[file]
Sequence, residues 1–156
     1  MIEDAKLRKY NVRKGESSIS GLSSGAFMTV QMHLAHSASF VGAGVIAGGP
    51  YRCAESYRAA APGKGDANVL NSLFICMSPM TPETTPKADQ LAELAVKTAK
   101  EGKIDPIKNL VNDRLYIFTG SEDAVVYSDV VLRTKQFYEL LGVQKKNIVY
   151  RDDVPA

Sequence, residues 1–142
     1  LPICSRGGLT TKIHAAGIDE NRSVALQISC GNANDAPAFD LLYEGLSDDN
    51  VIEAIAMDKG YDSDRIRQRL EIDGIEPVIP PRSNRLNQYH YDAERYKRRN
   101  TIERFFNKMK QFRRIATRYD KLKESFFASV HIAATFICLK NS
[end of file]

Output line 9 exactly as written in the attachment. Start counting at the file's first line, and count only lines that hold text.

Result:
   101  TIERFFNKMK QFRRIATRYD KLKESFFASV HIAATFICLK NS